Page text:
She did this because that was what she had always done, even though she never felt comfortable because her hard, old chair poked into her elbows, and her hard, old bed prodded at her back.
Harriet was hard of hearing, but one day, as she sat in her hard, old chair she heard three, loud knocks upon her door.
KNOCK! KNOCK! KNOCK!
Harriet leaned forward and pushed with her arms and legs to stand up. CREEEE-AK went her hard, old knees as she shuffled to the door. She opened the big, front door wide and leaned out.
“Who is banging on my door?” The old woman said in her hard, old voice.
Harriet looked outside, and saw no one, only the tall, green hedge dividing her house from her neighbors’ house.
Then she looked down. There, crouching on the crumbling, concrete steps in front of the door was a small, furry, white rabbit. It twitched it’s tiny, pink nose and wiggled it’s long, delicate ears. It looked up at her with gentle, bunny eyes.
“What are you doing here?” The old woman asked the rabbit, her voice not quite so hard. Harriet looked up at her neighbors’ house and said loudly, “Maybe someone thought I’d like you for a pet. Well, I don’t need a pet!” Still, she bent over and reached down with one old hand to stroke the beautiful, soft, white bunny fur on it’s back.
The little rabbit turned it’s head and sniffed at her fingers gently. Then it hopped around so it could lean it’s face and head into her hand. Harriet's wrinkled face melted into a smile.
“Aren’t you a friendly one! I guess you could come in for a visit, but just a short one. After all, I don’t need a pet.”
She gathered the bunny up into her arms. It snuggled in close, laying it’s long, velvety ears down flat as she stroked the smooth, snowy fur on it’s head. Holding it carefully with one arm, the old woman turned and closed the door gently so as not to scare the little fellow.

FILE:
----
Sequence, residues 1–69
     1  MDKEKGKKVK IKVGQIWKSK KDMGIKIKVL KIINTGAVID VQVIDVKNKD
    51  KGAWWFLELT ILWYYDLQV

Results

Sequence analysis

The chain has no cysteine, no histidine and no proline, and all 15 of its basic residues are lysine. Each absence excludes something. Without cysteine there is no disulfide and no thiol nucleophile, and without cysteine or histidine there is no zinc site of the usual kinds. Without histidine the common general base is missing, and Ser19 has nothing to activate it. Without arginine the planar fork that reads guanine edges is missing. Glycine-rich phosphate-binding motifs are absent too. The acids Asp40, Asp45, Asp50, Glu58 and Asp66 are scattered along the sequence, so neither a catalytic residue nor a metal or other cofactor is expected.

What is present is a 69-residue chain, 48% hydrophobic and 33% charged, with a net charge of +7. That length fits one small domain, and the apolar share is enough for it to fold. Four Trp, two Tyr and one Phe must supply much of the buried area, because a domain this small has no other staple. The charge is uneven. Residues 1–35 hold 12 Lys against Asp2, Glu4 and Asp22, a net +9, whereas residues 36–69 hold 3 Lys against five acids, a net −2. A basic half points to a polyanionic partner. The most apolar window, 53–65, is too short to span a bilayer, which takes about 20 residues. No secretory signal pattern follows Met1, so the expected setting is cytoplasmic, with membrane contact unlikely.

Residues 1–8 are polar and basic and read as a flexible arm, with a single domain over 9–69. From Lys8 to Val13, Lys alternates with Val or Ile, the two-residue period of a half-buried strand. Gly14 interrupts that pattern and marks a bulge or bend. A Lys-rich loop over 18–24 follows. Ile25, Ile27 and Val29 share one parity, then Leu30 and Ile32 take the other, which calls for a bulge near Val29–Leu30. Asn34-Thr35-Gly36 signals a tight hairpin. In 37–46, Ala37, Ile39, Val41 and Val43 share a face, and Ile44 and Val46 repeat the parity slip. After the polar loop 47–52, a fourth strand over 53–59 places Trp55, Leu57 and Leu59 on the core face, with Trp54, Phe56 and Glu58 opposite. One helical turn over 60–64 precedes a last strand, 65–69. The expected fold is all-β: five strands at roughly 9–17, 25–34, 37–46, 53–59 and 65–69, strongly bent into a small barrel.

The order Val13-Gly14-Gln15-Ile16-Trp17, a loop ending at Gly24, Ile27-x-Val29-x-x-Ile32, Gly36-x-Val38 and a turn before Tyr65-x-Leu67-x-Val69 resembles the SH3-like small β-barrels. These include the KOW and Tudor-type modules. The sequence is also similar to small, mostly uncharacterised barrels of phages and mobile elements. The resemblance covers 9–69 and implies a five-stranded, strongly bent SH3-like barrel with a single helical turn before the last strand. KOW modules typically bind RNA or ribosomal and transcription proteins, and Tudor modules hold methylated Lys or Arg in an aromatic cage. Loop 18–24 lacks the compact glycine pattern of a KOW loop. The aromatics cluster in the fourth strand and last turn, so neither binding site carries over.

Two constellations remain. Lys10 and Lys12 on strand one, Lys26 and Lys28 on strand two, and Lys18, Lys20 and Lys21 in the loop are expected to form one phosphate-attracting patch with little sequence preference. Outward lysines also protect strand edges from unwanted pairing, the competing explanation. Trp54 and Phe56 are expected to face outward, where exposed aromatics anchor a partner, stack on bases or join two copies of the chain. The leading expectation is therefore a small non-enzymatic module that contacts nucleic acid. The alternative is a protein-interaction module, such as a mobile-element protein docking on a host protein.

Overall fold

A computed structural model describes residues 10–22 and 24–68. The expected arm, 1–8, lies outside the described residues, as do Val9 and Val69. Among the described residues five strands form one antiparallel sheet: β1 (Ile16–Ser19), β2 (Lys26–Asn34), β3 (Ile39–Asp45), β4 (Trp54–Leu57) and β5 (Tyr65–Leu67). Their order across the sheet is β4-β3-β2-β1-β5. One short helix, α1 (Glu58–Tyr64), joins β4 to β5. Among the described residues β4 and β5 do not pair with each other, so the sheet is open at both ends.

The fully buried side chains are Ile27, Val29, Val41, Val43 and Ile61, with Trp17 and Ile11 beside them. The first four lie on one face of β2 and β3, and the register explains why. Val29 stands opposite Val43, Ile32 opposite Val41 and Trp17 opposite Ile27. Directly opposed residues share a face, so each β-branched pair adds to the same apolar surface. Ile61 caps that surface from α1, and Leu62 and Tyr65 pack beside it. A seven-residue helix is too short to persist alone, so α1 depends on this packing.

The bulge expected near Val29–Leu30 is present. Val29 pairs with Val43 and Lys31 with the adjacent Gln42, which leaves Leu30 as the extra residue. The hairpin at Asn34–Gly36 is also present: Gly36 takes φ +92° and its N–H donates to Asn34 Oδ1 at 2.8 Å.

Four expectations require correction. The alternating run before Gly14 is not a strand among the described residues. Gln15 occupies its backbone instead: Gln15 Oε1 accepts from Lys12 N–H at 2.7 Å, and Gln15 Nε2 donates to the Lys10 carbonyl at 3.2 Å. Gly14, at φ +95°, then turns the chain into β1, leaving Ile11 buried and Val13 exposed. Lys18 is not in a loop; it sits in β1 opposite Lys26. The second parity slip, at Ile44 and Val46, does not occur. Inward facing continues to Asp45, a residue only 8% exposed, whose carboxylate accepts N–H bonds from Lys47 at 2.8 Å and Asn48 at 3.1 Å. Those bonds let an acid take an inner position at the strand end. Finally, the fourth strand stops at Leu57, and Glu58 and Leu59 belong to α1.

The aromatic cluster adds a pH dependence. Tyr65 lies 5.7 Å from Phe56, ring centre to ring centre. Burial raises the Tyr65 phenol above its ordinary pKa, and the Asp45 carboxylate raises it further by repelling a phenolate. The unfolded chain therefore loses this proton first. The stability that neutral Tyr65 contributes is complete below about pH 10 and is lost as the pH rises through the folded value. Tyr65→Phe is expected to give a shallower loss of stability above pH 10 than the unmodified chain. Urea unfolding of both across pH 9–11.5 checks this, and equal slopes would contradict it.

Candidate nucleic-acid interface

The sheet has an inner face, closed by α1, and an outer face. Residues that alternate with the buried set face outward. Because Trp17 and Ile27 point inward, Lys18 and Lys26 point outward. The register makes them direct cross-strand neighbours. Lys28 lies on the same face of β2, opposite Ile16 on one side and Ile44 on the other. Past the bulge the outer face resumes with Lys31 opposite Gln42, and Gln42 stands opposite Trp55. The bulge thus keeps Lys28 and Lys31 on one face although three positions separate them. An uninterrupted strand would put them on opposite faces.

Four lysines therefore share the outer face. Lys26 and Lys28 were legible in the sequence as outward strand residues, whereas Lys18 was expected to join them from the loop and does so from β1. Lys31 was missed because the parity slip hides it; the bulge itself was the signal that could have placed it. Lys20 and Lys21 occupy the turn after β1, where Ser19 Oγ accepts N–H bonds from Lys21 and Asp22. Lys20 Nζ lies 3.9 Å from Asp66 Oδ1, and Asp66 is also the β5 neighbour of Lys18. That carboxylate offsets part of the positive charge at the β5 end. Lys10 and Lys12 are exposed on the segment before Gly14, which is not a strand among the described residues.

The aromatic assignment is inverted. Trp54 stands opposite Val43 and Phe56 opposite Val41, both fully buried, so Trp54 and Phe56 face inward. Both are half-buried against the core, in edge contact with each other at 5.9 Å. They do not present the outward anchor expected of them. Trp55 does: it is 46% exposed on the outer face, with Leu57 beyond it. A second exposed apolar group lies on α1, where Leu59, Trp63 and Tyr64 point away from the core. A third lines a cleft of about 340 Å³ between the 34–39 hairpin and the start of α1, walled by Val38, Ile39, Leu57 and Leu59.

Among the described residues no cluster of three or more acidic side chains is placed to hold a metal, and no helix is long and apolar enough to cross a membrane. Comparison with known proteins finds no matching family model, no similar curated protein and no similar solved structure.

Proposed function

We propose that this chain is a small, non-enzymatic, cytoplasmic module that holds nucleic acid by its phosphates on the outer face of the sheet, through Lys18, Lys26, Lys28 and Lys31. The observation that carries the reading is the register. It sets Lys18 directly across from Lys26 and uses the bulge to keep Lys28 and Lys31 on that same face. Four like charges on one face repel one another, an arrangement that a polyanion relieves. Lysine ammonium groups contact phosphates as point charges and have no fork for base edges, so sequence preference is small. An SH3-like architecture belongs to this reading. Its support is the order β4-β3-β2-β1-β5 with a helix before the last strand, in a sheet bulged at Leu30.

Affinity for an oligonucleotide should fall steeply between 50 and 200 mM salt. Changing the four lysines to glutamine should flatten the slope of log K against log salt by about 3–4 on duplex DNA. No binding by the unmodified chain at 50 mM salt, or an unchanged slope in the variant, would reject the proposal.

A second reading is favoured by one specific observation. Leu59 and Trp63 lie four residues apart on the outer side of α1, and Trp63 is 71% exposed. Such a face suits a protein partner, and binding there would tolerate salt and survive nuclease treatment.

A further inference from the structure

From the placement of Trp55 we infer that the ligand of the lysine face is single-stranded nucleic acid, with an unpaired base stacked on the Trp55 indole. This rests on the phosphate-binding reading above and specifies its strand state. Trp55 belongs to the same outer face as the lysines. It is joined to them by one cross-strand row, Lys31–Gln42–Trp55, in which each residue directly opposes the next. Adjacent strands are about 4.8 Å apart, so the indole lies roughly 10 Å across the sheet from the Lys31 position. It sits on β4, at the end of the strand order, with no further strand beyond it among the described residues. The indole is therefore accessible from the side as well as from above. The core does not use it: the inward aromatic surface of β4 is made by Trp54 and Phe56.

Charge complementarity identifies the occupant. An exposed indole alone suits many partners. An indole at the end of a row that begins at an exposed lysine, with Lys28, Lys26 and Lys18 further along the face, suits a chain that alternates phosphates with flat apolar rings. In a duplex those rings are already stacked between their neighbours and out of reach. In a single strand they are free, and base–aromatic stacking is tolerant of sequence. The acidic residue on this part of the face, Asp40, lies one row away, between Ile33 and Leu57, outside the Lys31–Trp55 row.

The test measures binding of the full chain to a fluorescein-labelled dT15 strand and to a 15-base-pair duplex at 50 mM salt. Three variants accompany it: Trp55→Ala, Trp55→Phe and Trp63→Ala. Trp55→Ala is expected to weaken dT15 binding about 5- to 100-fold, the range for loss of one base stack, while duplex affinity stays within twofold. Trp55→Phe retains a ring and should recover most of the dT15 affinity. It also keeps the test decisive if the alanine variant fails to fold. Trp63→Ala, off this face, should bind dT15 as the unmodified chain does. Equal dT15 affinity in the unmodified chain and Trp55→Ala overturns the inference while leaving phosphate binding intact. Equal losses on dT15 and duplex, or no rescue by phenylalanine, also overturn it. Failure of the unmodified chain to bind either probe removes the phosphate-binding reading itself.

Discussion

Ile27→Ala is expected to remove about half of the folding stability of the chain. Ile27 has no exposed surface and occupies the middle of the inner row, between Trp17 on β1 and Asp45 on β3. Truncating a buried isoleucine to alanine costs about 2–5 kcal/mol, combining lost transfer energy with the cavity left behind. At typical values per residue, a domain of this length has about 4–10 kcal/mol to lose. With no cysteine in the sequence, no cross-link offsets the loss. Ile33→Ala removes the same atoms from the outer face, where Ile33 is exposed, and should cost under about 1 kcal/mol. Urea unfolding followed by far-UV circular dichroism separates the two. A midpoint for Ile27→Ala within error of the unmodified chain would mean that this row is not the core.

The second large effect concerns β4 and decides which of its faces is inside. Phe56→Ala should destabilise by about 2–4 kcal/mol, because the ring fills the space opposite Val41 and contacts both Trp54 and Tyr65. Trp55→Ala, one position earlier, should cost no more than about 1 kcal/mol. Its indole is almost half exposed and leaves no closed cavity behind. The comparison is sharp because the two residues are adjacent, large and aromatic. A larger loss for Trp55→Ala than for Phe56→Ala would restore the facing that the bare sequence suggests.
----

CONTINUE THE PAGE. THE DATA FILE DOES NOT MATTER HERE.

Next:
“I’ll bet you’re a hungry bunny,” Harriet said.
She carried the rabbit into the kitchen, patting it’s silky head and enjoying the soft, warm feel of it under her bony, old hand.
Holding it gently, she opened her refrigerator and found a bag of four, fresh, sweet carrots.
Harriet carried the bunny and the carrots back to the living room to sit in her hard, old chair. But she got right up again, saying, “I think we’d be more comfortable together in that big, upholstered chair over there.” The old woman shuffled to the soft, stuffed chair next to the window, and sat down carefully with the rabbit on her lap. The sun shone through the window, warming them both.
“This big chair fits the two of us just right doesn’t it?” Harriet said, looking down at the furry bundle on her lap, her wrinkled old eyes soft now.
The rabbit looked up at her and twitched it’s tiny, pink nose. It turned it’s head and sniffed at the carrots she was holding. Then it poked it’s rabbity nose into the bag of carrots to nibble at one.
“You are hungry!” Harriet said, pulling out the carrot for him. “These carrots look good enough to eat. I think I’ll have one too.” So, the old woman and the rabbit crunched and nibbled their sweet, orange carrots. Then they each had another one, until the carrots were all gone.
“That was delicious,” said Harriet, looking down at the bunny in her lap. It wiggled it’s ears at her as if in agreement. “Much better than those hard, old crackers, eh?” The tiny rabbit looked up at her with big, warm bunny eyes. “I really don’t need a pet,” she said softly, as she stroked it’s head, But she smiled at it and the bunny snuggled more deeply into her arms.